Comets - 彗星

Comets (彗星 Huìxīng) have been observed and recorded in China since the Shang Dynasty (1600-1046 BC). The set of comet illustrations shown above is from a silk book (帛书 Bóshū) written during the western Han period. The different shapes and characteristics of the comet tails were outlined and on some of the comets, differences in the appearance of the core of the comet were noted.

From the Yin period of the Shang Dynasty to the end of the Qing Dynasty in 1911, comets were observed and recorded more than 360 times. In 635 BC, Chinese astronomers pointed out that the comet tail always pointed away from the sun.

From the Spring and Autumn Period to 1910 at the end of the Qing Dynasty, 31 observations of Halley's Comet were recorded according to the Beijing Ancient Observatory. Other sources put the number at 30.

The first verified record of Halley's Comet was made in China in 240 BC. However, in 613 BC in the Spring and Autumn Annals (春秋 Chūnqiū) of Confucius, reference was made to a comet. It said: "In July, there was a comet that entered the Big Dipper." (“秋七月,有星孛入于北斗。” qiū qīyuè, yǒu xīngbèi rù yú běi dǒu). This may have been a reference to the appearance of Halley's comet that would have been in 620 BC.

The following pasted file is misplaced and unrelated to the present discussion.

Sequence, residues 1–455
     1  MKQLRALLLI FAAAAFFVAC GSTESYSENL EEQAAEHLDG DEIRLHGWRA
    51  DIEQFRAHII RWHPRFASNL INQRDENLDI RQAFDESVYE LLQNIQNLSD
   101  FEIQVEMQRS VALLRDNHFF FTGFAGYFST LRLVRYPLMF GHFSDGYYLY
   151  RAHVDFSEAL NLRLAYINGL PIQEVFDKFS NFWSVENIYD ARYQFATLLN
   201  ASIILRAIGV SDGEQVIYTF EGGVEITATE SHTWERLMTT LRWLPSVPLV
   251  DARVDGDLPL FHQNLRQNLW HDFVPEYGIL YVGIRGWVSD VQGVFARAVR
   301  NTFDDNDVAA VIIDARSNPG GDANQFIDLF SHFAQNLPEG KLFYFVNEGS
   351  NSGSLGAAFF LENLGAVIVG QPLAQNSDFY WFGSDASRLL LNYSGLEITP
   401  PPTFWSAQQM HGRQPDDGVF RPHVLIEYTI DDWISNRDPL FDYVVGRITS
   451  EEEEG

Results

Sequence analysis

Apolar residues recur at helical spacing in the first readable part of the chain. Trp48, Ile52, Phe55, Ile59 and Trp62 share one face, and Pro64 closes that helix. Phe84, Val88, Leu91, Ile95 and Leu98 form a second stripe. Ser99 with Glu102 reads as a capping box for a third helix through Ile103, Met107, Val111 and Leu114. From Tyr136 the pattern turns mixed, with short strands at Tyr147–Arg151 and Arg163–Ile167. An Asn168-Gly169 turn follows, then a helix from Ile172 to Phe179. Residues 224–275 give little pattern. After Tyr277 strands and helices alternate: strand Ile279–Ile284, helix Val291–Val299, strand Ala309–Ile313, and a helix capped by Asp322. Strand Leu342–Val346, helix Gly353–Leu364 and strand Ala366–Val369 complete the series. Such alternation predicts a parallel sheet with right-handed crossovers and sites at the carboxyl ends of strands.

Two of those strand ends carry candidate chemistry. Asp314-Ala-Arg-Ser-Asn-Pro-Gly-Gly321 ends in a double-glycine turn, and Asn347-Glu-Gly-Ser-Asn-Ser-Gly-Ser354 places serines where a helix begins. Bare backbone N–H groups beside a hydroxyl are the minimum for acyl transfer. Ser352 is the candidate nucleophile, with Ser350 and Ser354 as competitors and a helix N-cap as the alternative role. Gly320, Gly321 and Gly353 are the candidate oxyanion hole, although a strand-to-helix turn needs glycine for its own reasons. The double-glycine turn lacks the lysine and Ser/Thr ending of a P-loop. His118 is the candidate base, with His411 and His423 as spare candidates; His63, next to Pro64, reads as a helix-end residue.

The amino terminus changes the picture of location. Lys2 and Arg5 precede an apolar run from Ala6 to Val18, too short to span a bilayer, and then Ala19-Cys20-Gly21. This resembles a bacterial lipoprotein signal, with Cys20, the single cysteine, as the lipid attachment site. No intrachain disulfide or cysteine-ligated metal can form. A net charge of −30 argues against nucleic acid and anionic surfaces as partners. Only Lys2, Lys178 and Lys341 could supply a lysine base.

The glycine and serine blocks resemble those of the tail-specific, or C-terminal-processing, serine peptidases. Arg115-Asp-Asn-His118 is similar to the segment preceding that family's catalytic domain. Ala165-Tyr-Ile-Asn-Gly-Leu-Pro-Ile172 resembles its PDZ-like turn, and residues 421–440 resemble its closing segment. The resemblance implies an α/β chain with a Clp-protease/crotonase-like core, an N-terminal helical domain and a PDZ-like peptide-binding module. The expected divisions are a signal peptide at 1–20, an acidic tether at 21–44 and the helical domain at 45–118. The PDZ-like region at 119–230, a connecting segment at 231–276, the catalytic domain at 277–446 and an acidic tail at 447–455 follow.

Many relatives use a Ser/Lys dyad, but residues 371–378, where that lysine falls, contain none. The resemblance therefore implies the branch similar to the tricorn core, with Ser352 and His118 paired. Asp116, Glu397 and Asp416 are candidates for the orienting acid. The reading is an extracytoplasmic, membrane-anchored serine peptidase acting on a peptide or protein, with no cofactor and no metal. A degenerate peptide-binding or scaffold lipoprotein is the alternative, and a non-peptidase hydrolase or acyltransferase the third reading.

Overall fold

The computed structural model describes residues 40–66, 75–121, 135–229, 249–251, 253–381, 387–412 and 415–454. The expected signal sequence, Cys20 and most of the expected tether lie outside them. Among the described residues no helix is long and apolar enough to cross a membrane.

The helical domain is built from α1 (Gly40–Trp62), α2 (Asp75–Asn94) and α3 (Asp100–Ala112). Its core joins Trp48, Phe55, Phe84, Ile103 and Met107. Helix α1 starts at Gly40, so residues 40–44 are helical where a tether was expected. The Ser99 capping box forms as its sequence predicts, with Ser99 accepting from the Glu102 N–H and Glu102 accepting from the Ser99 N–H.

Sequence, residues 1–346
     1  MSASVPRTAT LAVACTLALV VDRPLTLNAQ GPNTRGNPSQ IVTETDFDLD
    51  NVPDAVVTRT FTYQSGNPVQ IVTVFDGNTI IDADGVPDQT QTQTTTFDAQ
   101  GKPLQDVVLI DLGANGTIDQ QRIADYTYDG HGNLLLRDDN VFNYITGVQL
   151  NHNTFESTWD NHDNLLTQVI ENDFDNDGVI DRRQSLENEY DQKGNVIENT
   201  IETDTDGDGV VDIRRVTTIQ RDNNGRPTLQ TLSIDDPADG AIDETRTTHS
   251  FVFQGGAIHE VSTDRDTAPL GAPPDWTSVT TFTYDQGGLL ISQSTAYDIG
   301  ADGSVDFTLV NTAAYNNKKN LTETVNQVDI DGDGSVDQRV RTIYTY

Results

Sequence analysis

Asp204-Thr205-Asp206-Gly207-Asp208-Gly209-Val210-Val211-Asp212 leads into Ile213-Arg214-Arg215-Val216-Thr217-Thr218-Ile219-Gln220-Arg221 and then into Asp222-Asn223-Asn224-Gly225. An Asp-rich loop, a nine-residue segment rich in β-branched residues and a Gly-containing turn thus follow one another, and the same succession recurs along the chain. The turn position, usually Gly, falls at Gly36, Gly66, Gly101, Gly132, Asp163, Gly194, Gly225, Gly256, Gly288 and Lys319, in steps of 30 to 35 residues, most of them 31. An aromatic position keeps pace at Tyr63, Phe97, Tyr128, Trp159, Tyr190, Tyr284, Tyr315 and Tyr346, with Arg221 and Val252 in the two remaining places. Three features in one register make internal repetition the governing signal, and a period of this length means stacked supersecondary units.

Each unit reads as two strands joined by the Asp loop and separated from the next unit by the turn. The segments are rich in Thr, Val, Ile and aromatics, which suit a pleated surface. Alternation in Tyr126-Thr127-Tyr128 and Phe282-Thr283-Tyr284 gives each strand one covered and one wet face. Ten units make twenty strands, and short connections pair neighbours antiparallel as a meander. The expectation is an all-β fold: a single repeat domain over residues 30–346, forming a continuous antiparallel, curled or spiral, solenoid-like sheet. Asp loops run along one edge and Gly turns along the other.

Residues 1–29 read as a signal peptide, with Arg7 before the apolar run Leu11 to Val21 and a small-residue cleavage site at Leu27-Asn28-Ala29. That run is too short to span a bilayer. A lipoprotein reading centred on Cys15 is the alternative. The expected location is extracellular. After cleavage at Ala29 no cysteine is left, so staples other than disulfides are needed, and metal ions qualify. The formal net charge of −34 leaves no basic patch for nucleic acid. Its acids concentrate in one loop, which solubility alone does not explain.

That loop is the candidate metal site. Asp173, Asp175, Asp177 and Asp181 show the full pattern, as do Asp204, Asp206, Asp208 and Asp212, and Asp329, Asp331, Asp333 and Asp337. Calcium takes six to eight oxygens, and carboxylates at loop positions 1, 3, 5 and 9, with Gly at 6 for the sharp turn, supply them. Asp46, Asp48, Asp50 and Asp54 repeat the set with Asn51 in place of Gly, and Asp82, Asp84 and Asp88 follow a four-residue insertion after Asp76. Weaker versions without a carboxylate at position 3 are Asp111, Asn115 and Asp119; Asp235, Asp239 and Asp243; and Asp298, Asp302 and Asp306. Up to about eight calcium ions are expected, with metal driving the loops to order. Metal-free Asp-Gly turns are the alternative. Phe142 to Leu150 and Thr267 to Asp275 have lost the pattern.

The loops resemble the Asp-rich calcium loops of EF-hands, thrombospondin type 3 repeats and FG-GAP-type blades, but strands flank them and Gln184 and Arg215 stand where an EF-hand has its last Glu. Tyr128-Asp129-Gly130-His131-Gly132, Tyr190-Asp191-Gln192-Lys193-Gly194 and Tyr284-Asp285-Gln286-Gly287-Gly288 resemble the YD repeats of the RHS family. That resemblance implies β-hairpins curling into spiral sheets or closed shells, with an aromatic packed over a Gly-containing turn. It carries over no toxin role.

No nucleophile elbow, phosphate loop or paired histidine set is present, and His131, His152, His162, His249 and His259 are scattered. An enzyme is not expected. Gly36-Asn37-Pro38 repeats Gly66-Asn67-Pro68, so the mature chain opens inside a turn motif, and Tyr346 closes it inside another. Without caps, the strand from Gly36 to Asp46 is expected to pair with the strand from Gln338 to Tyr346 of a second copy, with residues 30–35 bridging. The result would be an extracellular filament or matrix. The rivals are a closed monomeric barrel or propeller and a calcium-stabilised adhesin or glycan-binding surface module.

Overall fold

Europeans did not record its appearance until much later, but it was Edmond Halley who hypothesized that the comet that astronomers in Europe had recorded over time was actually the same comet returning again and again and predicted that it would return and when. He urged Newton to develop the mathematics that would let him calculate the orbit. With Newton's new calculus Halley was able to show the orbit of the comet and establish the 76 year cycle of its appearance. The timing of the comet actually varies based on what objects it encounters along the way. When passing Jupiter, the comet slows and is late arriving at Earth. Comets are relatively small bodies so they are strongly affected by the gravitational fields of their larger cousins.
Last update: May 2007
© Marilyn Shea, 2007